Missing or misplaced chimney caps
Your chimney cap is your fireplace’s main defense against the elements. It sits above your chimney’s opening, usually surrounded by metal wiring, and it keeps out water, animals and debris. Some chimneys are missing their caps, and chimney caps can loosen or become dislodged, allowing water and animals to access your chimney. Making sure your chimney cap is in good repair is crucial to protecting your fireplace and chimney.
Faulty or worn parts
If you have a gas fireplace, a woodstove or a pellet stove, there are a lot of working components that can fail over time. In all types of heating stoves and gas fireplaces, vents, ignition switches, door gaskets and fans can fail. In a pellet stove, the automatic parts that feed pellets from the hopper to the fire can wear down and fail. It’s important to check your fireplace or stove regularly to make sure all components are in good working order.
As you can see, fireplaces and chimneys can fall victim to a wide array of repair problems. Fortunately, most of these problems can be fixed easily and for a low cost if they are caught and addressed early. This is why your annual chimney and fireplace inspection is so important; it allows us to pinpoint any minor problems and fix them before they become major problems. If you’ve noticed that your fireplace requires any of these common repairs, or to schedule your annual inspection to locate any problems, call The Chimney Sweeper to schedule an appointment today!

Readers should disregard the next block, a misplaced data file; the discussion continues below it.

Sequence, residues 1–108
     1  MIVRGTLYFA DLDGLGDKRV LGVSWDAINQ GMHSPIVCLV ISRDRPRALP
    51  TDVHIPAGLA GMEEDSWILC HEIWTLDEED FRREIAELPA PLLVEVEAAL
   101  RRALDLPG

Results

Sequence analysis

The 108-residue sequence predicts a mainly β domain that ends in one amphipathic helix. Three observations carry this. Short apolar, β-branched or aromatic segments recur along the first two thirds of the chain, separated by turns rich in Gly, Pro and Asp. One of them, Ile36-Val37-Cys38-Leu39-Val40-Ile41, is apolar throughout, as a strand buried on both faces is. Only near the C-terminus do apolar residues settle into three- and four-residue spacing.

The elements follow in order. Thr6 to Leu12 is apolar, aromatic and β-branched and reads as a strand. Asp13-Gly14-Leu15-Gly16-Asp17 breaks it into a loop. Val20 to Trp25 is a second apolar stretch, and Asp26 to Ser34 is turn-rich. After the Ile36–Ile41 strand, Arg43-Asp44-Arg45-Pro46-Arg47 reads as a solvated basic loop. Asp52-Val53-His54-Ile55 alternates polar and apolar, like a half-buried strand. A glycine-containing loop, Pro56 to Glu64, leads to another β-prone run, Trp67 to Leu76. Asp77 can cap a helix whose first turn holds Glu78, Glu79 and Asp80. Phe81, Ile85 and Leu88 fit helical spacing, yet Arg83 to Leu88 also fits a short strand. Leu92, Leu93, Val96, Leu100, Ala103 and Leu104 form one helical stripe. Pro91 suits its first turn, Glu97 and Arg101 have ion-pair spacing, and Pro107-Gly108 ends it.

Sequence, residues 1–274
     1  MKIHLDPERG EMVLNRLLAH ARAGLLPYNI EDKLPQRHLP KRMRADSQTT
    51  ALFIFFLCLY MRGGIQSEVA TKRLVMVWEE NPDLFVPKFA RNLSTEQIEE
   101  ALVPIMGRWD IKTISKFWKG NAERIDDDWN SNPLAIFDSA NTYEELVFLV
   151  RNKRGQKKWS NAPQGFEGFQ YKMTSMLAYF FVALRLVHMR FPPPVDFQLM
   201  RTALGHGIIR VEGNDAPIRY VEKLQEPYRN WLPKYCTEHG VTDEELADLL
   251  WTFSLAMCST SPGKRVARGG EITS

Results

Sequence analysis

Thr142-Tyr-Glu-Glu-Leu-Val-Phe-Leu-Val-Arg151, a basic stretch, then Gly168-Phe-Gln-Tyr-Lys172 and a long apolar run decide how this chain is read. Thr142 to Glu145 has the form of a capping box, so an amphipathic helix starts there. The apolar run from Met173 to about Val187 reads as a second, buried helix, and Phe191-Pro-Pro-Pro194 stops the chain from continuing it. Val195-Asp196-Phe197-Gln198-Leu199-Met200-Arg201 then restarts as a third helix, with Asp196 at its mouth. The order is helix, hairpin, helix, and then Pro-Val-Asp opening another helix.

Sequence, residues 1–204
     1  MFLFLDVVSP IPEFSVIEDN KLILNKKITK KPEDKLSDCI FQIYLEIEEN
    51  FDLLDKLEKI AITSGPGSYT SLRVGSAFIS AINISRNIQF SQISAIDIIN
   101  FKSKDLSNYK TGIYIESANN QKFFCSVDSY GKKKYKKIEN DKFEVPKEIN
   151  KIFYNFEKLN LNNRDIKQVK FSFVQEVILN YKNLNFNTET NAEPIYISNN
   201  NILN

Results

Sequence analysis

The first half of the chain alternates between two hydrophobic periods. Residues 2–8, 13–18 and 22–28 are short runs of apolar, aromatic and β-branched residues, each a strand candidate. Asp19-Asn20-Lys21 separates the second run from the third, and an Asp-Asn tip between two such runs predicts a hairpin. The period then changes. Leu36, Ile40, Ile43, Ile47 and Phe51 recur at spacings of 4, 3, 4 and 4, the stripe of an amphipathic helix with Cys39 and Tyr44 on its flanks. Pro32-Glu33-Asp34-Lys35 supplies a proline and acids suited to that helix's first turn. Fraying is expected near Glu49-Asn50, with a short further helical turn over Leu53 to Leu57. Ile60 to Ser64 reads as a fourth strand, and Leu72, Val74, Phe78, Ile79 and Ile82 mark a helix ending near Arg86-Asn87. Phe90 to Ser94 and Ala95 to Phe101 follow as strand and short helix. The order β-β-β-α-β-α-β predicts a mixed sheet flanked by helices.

Generally, you don’t worry too much about the inner workings of your fireplace. You have it cleaned and inspected annually and understand the basic maintenance that comes with having a fireplace or fireplace insert. Understanding more about the anatomy of your fireplace and chimney can help you be aware of how your fireplace should function, so you’re more aware of any changes or problems. It also will help you talk to your chimney sweep about problems and understand any concerns he raises with you.
Understand your chimney type
There are two types of fireplaces and chimneys: masonry and prefabricated. Masonry fireboxes and chimneys are constructed of bricks or stones. Prefabricated fireboxes and chimneys usually are made from stainless steel. Some fireplaces do feature a hybrid design, most often combining a prefabricated fireplace with a masonry chimney. Some masonry chimneys have been relined with stainless steel. If you don’t already know what type of fireplace and chimney system you have, it may require that you take a peek up your flue to determine your chimney type.